1. Seyed Mohsen Khatami says:

    Dear Dr. Carl W.Diffenbach,
    Director of NIAID’s Division of AIDS
    The development of a safe and effective preventive vaccine for HIV remains as a prioritiy for scientific community and its development have presented significant challenges. Why it is so? Because the development of a safe and effective preventive vaccine for HIV does not obey and follow the principles of classic vaccinlogy. The experimental reason for my claim is the elusive result from the RV144 Thai trial. I believe that some rational empiric conclusions from the RV144 Thai trial can have leading effects in your future work for development of a safe and effective HIV vaccine. But according my view, the NIH researchers have at the present time long distance from the rational empiric conclusions that it must be intended in order to upgrade the RV144 Thai trial and its results. Sincerely, I pray for them that they can evaluate and reevaluate again and again the results of the RV144 Thai trial. The RV144 Thai was the first step in rational direction, but only the first step and nothing more. The developments and the improved results are depended to the continuation of this work based on the modification of experimental methodic and strategy by the help of criticism and self criticism.
    The identification of two new broadly neutralizing human antibodies that can prevent more than 90 percent of known HIV strains is good news. Their broadly neutralizing functions and effects are certainly relative to laboratory strains of HIV and not relative to the wild type strains in vivo. At the best, these antibodies can be used directly in HIV-infected patient as antibody-based therapy.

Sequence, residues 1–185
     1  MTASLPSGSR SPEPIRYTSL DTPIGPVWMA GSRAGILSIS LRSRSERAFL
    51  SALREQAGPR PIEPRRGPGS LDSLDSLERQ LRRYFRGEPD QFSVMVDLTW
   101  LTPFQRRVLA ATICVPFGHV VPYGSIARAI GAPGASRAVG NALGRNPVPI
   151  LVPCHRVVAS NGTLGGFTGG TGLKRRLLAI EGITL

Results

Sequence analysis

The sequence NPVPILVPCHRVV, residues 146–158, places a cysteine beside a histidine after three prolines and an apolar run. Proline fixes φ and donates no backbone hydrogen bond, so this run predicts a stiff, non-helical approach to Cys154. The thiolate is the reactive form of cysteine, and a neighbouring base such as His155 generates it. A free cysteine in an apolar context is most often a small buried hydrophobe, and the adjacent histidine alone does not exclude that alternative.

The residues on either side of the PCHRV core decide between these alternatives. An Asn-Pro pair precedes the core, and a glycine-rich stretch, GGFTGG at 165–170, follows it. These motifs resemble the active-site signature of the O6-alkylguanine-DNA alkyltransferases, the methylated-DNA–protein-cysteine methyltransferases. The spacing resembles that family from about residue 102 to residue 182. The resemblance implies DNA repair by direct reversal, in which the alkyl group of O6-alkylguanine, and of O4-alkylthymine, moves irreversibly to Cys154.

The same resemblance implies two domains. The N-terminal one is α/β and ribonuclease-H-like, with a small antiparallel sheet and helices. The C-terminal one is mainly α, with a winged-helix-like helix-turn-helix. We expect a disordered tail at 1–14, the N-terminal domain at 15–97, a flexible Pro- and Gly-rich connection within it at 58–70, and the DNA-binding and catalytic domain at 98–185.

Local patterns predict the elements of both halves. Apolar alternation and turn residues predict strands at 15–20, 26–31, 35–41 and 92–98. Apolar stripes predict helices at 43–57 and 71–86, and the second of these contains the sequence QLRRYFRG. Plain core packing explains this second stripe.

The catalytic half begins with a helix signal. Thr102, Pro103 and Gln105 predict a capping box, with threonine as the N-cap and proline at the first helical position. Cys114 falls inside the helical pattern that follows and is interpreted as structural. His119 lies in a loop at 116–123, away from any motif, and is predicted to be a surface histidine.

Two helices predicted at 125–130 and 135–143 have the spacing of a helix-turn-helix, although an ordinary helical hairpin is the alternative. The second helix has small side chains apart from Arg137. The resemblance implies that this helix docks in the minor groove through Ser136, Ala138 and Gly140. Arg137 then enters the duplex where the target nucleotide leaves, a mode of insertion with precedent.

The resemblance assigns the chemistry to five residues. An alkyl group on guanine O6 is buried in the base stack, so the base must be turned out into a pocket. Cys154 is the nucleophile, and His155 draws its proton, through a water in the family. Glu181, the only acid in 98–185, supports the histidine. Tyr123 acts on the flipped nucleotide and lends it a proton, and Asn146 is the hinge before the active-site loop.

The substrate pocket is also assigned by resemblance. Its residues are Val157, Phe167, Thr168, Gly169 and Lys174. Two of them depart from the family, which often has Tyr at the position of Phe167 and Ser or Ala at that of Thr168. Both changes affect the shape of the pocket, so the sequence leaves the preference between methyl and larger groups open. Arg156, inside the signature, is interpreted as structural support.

In the end I will mention some words about the new vision for the national HIV/AIDS strategy in USA. According this vision, until 2016 the United States will become a place where new HIV infections are rare and … . The vision is good but is not realistic and pragmatistic. You cannot fight a war without resources. The great resources in order to fight and curb HIV are the scientific capacities. According my view a powerful country as the United States of America lacks at the present time the scientific capacity to promises such visionary utopia indicating a USA free from new HIV infection before 2016. The incidences of miracles do not associate with scientific endeavors.
    Best wishes,
    Seyed Mohsen Khatami

  2. Robert Reinhard says:

    Thank you for this post. The strategy for an organized set of adaptive trial designs is certainly a good direction to go forward as a way to test vaccines in the best experimental system currently available – i.e. human clinical trials. However, the articulation of the proposal by NIAID so far lacks sufficient detail to appreciate its potential for success or failure. This was underscored by the excellent vaccine session at the AIDS 2010 conference The Search for an HIV Vaccine: Where Are We, Where Are We Going, and How Can We Get There Faster?